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Living the dream: How we found our perfect profession (Part 1)

From sailing tall ships and discovering remote islands to penning award-winning page-turners and running a planet-friendly, organic salon, these three ladies have all found their dream professions


Steph Edwards, 34, from Exning, is a travel blogger who runs The Mediterranean Traveller. A self-confessed ‘beach bum’, she’s happiest by the ocean or exploring the Greek Isles. . .

“I have loved travelling since I was a child and remember our family holidays vividly. When I was 12, we went to Turkey and it felt like the most exciting thing in the world. Even the 10-hour delay at Stansted, though I don’t think my parents would have agreed!

I studied Ancient History at Nottingham University, and I had no idea what I was going to do, though the idea of starting a website surfaced around that time; I just wasn’t really aware of it as a career path.

After university, I worked at Cambridge University Press in the digital business department, and later in ELT in project management. In between those jobs I sailed a tall ship around Africa! I’d just read a Wilbur Smith book about tall ships and the East India Company, then I saw a newspaper advert for 10 days voyaging around the Balearics with the Sail Training Association, who work with disadvantaged children, and thought ‘that looks cool’; it appealed to the historian in me. I remember going up the mast, out at sea for the first time, and thinking ‘this is amazing’. I also remember parking the boat in Ibiza, which was terrifying because it was massive!

Travel blogger Steph Edwards (26247474)
Travel blogger Steph Edwards (26247474)
Skiathos, a favourite destination of travel blogger Steph Edwards (26247444)
Skiathos, a favourite destination of travel blogger Steph Edwards (26247444)

Once home I scoured ‘crewing’ websites for more opportunities and that’s where I came across my next sail, on a Venetian ship for a year. I flew out to Tanzania and joined the ship, then sailed clockwise around to Syria. It was an amazing experience, a big test of patience and endurance, and certainly changed my perspective on the world. The Azures were beautiful, and when we sailed up the Atlantic we saw remote islands like St Helena, before it had an airport, and Ascension Island, which was wild and barren.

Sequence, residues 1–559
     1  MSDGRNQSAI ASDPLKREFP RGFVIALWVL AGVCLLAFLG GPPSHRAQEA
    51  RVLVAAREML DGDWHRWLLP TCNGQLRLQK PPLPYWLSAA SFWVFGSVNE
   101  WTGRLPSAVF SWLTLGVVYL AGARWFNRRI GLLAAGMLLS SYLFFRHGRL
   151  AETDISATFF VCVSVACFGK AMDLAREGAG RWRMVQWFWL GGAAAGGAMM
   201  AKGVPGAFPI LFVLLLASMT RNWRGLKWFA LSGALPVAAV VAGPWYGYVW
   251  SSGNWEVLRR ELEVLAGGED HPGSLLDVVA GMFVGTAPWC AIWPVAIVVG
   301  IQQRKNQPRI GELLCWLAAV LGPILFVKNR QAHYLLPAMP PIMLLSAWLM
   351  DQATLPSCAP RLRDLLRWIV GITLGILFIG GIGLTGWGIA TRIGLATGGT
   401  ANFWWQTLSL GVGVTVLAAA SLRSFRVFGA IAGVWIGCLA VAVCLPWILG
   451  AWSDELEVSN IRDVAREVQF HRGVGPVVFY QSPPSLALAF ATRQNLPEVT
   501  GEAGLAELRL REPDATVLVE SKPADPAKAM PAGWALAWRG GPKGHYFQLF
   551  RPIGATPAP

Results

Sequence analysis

A year was a long time away from friends and family and I missed the changing seasons. When I got back I didn’t leave the house for a month, I was just so happy to be home.

I returned to Cambridge University Press for a couple of years, then moved to London to work for a publishing company. But when I hit 30, I fancied something different, so I quit my job to go travelling. I spent a year in Greece, mainly in Athens, helping a friend with his Airbnb business.

Returning home in 2016, travel blogging was becoming increasingly popular and I thought ‘well, if they can do it, so can I’.

I started by writing up a trip to the Cinque Terre on the Italian Riviera, which I’d really loved, and I thought if nothing else, I’d have a nice record of it. I worked part time at Newmarket Specsavers, which took the financial pressure off and gave me time to experiment. The website has evolved as I realised the most enjoyable conversations I had were those where I helped people decide on ideal travel destinations, so I offer lots of advice on that.

I’m a total beach bum so a big focus is on beach resorts. I particularly love Greece; Naxos is my favourite island. It has incredible beaches, as does Skiathos and Sicily.

I love weird little islands, tiny, remote ones that are hard to get to, as well as that certain smell you only get at Mediterranean beach destinations. Often there’s pine forests behind the beach, so you get the scent of pine, herbs and eucalyptus mixed with salty sea.

My next trips are to Malta, Cyprus, and Sicily, and after that I’d like to visit places that have been hit by a decline in tourism because of terrorism and the refugee crisis. I’m thinking of Lesbos, Kos, Samos and Leros, and also an Italian Island called Lampedusa, south of Siciliy. They have some beautiful beaches like Rabbit Island, and it’s one of the closest islands to Africa so gets a lot of their refugees.

I really love waking up every day and being able to write about places that I love. That’s what makes me happy. Sitting around in my pyjamas with all my books and magazines, doing my research is wonderful - and it’s also pretty nice going to an amazing beach and thinking ‘this is my job!’”